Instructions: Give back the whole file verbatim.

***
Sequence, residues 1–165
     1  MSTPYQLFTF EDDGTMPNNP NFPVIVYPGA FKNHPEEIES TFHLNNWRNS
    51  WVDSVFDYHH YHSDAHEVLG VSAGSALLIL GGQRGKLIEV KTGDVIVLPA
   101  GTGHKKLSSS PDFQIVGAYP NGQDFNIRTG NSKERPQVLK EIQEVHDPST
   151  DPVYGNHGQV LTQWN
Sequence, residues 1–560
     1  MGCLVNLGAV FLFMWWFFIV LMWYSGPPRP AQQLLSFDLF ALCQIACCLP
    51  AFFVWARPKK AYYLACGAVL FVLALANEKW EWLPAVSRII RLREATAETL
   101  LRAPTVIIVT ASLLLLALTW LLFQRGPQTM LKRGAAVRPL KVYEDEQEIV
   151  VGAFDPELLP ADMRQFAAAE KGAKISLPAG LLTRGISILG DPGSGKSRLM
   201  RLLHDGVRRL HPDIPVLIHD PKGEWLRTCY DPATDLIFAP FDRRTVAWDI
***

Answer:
Sequence, residues 1–165
     1  MSTPYQLFTF EDDGTMPNNP NFPVIVYPGA FKNHPEEIES TFHLNNWRNS
    51  WVDSVFDYHH YHSDAHEVLG VSAGSALLIL GGQRGKLIEV KTGDVIVLPA
   101  GTGHKKLSSS PDFQIVGAYP NGQDFNIRTG NSKERPQVLK EIQEVHDPST
   151  DPVYGNHGQV LTQWN
Sequence, residues 1–560
     1  MGCLVNLGAV FLFMWWFFIV LMWYSGPPRP AQQLLSFDLF ALCQIACCLP
    51  AFFVWARPKK AYYLACGAVL FVLALANEKW EWLPAVSRII RLREATAETL
   101  LRAPTVIIVT ASLLLLALTW LLFQRGPQTM LKRGAAVRPL KVYEDEQEIV
   151  VGAFDPELLP ADMRQFAAAE KGAKISLPAG LLTRGISILG DPGSGKSRLM
   201  RLLHDGVRRL HPDIPVLIHD PKGEWLRTCY DPATDLIFAP FDRRTVAWDI